At the end of the period banking became one of the principal services that Gloucester supplied to its region. James Wood's bank was continued after his death in 1761, together with his mercer's business, by his son Richard. (fn. 163) A goldsmith Thomas Price also acted as a banker in 1747 and until at least 1758. (fn. 164) The grocers Samuel Niblett and his son John were in business as bankers by 1783 (fn. 165) and are said to have begun as travelling bankers, visiting markets and fairs in the region. In 1789 they were joined in partnership (in what was known as the Old Bank) by James Jelf, a man who, unusually, came into banking by apprenticeship rather than from another trade. (fn. 166) Another banker by 1785 was John Turner (fn. 167) who later took into partnership the mercer Edwin Jeynes. The mercer Merrot Stephens was also a banker by 1791, bringing the number of banks in the city to four. (fn. 168)
Lawyers continued to be a strong element in the city. Fourteen Gloucester attorneys were mentioned in the 1720s, (fn. 169) and 16 attorneys and 2 barristers were practising there in 1791. (fn. 170) The various administrative bodies which, besides private practice, gave employment to such men are indicated in the career of Thomas Stephens (d. 1723), who was registrar of the diocese, clerk of the peace for the county, and town clerk of the city. (fn. 171) Few lawyers, however, sought a role on the corporation at the period. An exception was William Lane who was deputy town clerk in the 1770s (fn. 172) and later became an alderman; he bought farms in Lea (Herefs. and Glos.) and English Bicknor and at his death in 1789 left £1,000 to endow a charity school in his native Mitcheldean. (fn. 173)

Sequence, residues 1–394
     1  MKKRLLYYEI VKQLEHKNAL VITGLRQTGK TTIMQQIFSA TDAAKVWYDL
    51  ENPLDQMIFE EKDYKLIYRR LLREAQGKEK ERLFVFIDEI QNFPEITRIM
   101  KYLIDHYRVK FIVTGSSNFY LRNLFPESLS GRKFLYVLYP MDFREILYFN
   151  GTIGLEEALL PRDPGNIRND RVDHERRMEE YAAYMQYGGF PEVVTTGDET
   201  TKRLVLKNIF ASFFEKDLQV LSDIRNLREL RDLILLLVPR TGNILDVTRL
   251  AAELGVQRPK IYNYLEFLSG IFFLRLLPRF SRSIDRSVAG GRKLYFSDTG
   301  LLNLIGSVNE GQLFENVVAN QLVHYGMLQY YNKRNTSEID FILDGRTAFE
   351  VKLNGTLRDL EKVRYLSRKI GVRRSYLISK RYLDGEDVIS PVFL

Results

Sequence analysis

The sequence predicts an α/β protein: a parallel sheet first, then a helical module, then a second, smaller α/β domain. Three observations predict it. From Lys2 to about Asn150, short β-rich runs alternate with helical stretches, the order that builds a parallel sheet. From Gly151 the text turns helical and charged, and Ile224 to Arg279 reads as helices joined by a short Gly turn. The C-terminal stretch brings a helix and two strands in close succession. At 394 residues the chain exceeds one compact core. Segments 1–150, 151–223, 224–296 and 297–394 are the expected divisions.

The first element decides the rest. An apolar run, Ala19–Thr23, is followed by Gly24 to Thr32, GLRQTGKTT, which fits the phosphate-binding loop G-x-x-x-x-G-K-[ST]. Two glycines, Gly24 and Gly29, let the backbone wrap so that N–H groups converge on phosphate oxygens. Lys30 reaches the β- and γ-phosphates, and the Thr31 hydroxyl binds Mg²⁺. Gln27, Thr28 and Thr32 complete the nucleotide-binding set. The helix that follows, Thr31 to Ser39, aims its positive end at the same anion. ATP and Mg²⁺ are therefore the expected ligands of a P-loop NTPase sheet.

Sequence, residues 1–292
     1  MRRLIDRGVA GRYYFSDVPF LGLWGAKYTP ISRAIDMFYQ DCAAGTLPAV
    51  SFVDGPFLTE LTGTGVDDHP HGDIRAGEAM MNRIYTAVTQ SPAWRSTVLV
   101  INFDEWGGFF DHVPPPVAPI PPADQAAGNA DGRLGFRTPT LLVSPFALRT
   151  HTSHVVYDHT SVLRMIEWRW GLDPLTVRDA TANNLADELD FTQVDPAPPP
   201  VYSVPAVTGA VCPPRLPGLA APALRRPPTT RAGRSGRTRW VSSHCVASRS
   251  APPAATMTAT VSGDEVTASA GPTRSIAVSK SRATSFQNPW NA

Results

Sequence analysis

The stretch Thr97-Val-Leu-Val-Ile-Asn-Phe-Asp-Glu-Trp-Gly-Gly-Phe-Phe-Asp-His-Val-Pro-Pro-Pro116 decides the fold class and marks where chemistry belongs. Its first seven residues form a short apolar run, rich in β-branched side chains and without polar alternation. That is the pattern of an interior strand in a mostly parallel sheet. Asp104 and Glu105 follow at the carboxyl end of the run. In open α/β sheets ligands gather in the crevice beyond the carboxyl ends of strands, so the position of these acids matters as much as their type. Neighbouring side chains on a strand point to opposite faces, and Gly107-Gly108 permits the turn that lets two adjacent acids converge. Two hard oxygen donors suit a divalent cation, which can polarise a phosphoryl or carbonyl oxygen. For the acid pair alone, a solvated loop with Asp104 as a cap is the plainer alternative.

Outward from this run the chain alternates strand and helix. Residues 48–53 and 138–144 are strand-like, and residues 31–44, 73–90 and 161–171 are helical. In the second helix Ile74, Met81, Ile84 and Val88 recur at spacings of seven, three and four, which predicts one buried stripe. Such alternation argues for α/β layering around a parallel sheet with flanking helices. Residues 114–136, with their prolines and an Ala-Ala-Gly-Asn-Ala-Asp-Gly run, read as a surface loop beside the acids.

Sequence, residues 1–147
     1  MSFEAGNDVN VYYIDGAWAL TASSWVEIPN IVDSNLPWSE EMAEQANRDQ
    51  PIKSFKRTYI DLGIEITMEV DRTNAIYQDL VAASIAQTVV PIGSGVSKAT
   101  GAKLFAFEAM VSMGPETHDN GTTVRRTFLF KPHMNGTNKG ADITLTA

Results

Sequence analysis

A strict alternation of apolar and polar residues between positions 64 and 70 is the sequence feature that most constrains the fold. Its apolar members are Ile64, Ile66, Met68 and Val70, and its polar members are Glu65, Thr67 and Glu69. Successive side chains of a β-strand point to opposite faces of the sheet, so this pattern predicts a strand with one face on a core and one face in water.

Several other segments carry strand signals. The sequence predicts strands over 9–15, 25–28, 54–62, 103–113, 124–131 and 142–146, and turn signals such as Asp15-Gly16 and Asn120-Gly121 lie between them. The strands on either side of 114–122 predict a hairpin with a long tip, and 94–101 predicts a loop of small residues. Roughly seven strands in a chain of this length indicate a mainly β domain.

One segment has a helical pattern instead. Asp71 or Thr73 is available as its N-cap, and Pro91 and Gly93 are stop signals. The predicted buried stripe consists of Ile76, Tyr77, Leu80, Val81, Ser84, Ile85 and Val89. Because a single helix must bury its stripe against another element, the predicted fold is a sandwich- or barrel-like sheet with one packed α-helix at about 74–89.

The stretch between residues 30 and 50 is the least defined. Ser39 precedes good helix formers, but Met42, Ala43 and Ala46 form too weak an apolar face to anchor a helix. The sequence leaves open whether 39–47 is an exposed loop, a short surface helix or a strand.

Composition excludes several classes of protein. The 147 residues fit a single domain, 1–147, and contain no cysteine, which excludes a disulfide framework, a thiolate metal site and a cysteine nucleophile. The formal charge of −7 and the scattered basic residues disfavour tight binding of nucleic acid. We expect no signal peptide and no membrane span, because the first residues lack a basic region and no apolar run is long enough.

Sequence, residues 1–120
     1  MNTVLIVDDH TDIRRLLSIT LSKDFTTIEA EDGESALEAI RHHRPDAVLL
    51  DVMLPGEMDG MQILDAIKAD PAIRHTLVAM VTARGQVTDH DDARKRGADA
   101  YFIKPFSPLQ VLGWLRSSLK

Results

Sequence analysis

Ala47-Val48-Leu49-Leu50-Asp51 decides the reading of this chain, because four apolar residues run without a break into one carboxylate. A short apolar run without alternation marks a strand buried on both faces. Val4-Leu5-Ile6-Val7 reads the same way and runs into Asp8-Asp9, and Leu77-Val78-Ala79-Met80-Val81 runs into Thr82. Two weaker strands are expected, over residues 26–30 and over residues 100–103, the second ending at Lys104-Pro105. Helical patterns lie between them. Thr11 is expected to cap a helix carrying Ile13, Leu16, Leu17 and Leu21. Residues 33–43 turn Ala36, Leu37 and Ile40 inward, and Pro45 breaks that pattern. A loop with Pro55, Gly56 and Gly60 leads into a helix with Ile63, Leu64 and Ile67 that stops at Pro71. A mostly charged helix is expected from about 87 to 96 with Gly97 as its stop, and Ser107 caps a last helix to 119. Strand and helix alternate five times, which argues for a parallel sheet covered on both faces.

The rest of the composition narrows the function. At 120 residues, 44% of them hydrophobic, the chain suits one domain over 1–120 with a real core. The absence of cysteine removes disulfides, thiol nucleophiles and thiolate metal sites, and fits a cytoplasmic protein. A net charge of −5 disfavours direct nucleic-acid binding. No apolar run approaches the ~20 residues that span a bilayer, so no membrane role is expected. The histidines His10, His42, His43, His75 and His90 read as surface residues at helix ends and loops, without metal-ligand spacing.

The medical needs of the inhabitants of the city and its region were supplied in the earlier 18th century mainly by apothecaries, who numbered at least ten in 1739; several achieved the rank of alderman. There were apparently no more than two qualified physicians in the earlier 18th century (fn. 174) but the number of physicians and surgeons increased later, encouraged partly by the founding of the Gloucester Infirmary in 1755. (fn. 175)